Chikungunya virus, an emerging infectious agent that is transmitted by day-biting mosquitoes, was first isolated from a patient in Tanzania in the early 1950s. Since then, major outbreaks of chikungunya fever have occurred throughout sub-Saharan Africa and in Southeast Asia, India, and the Western Pacific, usually at intervals of about 7–8 years. The virus causes fever, rash, severe joint and muscle pains, and sometimes arthritis (joint inflammation). These symptoms develop within 3–7 days of being bitten by an infected mosquito. Most people recover fully within a few weeks, but joint pain can sometimes continue for years. There is no treatment for chikungunya fever, but the symptoms can be eased with anti-inflammatory drugs. Preventative measures include covering arms and legs and using insecticides to avoid insect bites and depriving the mosquitoes of their breeding sites by draining standing water from man-made containers near human dwellings.
Why Was This Study Done?
In 2005, chikungunya fever appeared for the first time on several islands in the Indian Ocean. On La Réunion Island, the disease affected 300,000 people—more than one-third of the population—between March 2005 and December 2006. In June 2005, clinicians identified the first case of mother-to-child chikungunya virus transmission (vertical transmission). Public-health officials and clinicians need to know more about how often vertical transmission occurs and its clinical implications to help them prepare for future chikungunya fever outbreaks. In this study, the researchers identify and characterize all the cases of vertical chikungunya virus transmission that occurred at the largest hospital on La Réunion Island during the 2005–6 outbreak.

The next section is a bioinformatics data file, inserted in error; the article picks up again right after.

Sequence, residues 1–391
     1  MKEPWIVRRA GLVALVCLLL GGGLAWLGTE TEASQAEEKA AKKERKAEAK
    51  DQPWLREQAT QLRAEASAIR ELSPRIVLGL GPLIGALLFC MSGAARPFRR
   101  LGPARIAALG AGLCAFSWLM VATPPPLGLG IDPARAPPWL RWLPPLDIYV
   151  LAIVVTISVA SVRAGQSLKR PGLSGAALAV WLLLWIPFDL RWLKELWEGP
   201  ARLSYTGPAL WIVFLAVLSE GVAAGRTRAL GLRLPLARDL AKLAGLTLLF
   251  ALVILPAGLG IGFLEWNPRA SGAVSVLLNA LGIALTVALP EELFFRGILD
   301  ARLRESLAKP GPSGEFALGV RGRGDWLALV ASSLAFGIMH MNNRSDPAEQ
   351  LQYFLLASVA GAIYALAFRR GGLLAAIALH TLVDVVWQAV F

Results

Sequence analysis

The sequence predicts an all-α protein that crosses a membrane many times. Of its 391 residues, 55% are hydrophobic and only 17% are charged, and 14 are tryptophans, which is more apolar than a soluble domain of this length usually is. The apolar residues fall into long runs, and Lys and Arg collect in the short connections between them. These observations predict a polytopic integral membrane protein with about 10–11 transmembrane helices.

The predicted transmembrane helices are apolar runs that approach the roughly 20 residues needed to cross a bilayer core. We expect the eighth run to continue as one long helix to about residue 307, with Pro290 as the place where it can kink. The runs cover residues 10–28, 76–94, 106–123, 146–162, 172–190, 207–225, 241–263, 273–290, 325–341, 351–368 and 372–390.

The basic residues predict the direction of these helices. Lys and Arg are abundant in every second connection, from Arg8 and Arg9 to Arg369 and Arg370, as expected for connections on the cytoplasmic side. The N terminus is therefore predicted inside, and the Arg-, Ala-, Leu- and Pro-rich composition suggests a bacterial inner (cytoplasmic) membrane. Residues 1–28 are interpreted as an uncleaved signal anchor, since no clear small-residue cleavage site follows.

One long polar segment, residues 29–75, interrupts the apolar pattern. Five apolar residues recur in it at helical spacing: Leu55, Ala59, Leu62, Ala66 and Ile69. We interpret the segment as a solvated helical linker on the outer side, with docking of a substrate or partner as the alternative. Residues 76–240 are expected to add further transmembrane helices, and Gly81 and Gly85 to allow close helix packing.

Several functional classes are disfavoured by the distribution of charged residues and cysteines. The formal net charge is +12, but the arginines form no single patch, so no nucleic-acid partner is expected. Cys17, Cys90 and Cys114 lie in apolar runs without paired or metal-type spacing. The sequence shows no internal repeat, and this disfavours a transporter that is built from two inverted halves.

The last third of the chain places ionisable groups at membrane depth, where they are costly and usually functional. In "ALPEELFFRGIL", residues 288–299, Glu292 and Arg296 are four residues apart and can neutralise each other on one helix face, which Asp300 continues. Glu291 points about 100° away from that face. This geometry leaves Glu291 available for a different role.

What Did the Researchers Do and Find?
The researchers enrolled all 7,504 women who gave birth at the hospital during the outbreak and their 7,629 children into their study. They then used “RT-PCR” (which detects the genome of virus particles during an active infection) and “IgM serology” (which looks for an immune response to recent infection) to determine which women had been infected with chikungunya virus during their pregnancy. 678 of the new mothers had been infected sometime between conception and a week before delivery, 22 mothers had been infected between 7 and 3 days before delivery, and 39 had been infected 2 days either side of delivery (the “intrapartum” period). Except for three early fetal deaths that were associated with chikungunya virus infections, vertical transmission was seen only in babies born to mothers infected with the virus intrapartum. 19 of the babies born to these women were infected with the virus—a vertical transmission rate of nearly 50%. The women who transmitted the virus to their offspring had more virus in their placenta than those who did not transmit the infection. Delivery by emergency cesarean section did not prevent transmission. All the infected babies were born healthy but developed fever, weakness, and pain within 3–7 days. In many of them, the number of platelets (clot-forming particles) in their blood also dropped dramatically. Ten babies became seriously ill—nine of them developed brain swelling; two had bleeding into their brain. Four children had lasting disabilities at the end of the study.
What Do These Findings Mean?
These findings show that mother-to-child transmission of chikungunya virus occurs frequently when women are infected with the virus at the time of delivery and that newborn children infected by this route can become very ill. Although these results do not find that cesarean section reduces infection rates, 90% of cesarean sections involving infected infants were performed urgently, rather than planned. The study also provides no information about whether delaying delivery, provided that no fetal distress is observed, until the mother's viral load has decreased might be beneficial. More studies are needed to provide a complete description of both the short-term and long-term effects of chikungunya virus infection in newborn babies, but it is clear that clinicians should monitor babies exposed to chikungunya virus during delivery for a week after their birth. Most importantly, clinicians and public-health officials will need to take account of the threat that the chikungunya virus poses to newborn children whenever and wherever it emerges.